January 10th, 2019


We interrupt your internet reverie for this quick PSA

In Germanic folklore, Wade is a sea-giant. Very little is now remembered about him; in Chaucer's time, people still remembered "the Tale of Wade," since Chaucer referred to it in The Canterbury Tales. "Wade's Boat" was still proverbial for much longer, though for quite what is not remembered now. Wade was the father of Wayland the Smith, about whom somewhat more is remembered, and Wayland was the father of the much less-well-remembered Widia, of whose story more has survived but about which nobody much cares.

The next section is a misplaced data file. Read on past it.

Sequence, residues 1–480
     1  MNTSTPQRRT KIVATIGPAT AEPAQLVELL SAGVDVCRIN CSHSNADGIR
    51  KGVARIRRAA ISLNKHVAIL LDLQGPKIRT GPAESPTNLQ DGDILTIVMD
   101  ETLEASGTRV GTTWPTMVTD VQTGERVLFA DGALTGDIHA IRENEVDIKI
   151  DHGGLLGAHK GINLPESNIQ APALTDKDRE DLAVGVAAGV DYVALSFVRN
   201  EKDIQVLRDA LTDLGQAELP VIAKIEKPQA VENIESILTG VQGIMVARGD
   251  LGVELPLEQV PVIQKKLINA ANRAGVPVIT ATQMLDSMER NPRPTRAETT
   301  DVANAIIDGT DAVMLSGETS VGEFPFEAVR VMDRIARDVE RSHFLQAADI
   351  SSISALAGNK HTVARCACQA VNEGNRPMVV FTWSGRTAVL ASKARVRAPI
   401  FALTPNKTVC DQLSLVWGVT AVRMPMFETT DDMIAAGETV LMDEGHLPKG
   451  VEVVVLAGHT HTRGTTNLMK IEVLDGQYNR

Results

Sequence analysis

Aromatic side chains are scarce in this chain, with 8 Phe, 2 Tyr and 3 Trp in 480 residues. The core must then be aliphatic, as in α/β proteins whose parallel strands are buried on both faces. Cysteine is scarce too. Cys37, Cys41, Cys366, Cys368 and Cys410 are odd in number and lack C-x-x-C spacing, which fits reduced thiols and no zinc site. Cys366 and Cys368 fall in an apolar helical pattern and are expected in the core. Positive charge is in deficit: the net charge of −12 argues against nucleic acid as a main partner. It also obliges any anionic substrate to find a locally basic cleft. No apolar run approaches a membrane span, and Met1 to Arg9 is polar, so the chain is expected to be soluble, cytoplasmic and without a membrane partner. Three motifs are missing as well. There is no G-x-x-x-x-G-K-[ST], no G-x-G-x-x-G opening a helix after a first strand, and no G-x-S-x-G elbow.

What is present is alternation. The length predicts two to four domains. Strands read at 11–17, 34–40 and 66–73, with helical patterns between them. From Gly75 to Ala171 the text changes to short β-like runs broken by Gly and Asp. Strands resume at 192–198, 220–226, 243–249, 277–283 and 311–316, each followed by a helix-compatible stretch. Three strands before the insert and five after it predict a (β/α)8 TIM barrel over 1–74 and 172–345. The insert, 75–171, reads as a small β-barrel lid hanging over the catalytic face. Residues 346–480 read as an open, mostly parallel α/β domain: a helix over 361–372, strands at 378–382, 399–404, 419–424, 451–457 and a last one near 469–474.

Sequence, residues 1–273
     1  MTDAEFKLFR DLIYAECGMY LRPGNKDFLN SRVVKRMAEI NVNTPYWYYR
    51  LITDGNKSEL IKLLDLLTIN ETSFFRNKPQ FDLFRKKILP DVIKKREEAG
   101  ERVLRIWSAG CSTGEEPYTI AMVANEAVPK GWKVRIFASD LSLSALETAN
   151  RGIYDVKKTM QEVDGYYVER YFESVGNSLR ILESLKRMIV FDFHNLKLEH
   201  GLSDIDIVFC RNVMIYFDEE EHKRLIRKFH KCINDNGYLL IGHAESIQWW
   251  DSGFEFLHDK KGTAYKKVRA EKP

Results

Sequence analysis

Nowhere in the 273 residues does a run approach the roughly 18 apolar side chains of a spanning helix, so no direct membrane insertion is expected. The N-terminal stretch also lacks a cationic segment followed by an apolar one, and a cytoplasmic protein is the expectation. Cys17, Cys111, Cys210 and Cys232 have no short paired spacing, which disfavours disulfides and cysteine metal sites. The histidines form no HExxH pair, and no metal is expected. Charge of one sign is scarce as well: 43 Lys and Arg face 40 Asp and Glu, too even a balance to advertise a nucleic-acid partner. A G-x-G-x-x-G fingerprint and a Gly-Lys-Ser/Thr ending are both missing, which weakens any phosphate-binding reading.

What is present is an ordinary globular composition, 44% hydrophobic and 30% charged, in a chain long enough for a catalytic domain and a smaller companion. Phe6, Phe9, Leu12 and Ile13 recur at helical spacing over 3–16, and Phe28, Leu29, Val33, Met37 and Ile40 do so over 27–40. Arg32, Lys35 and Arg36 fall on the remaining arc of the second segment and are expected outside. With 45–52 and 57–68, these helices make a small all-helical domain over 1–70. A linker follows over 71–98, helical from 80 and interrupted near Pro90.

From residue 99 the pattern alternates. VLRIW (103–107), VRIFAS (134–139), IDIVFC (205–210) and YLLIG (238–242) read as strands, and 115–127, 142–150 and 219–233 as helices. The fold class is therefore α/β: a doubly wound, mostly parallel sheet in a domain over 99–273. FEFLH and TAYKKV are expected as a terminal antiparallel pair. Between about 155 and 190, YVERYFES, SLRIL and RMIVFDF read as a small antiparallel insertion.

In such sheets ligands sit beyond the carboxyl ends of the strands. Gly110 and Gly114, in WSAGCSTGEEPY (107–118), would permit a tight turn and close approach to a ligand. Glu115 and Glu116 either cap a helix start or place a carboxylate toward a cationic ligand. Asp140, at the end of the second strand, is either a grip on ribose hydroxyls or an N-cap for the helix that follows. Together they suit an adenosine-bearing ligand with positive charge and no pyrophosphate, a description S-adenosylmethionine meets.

Where was I?

Oh, yes. Wade the sea-giant. He was a guardian of fords, a ferryman, a coastal dweller. He is reputed to have *ahem* waded the straits between Denmark and Sweden or someplace, with his son held over his head. The question I asked myself this morning was, Does Wade get his name from his wading, or does the verb wade come from the legendary activity of the giant? (To be all high-falutin' and onomastic about it, is Wade an aptronym or is wade an eponym?)

I did a quick internet search, and I find that OE wadan means "to wade, or to force oneself through resisting forces." It is related to wæd, which means "ford." So apparently, the giant is named for his most famous activity, and not the other way around.

I'm glad we got that cleared up.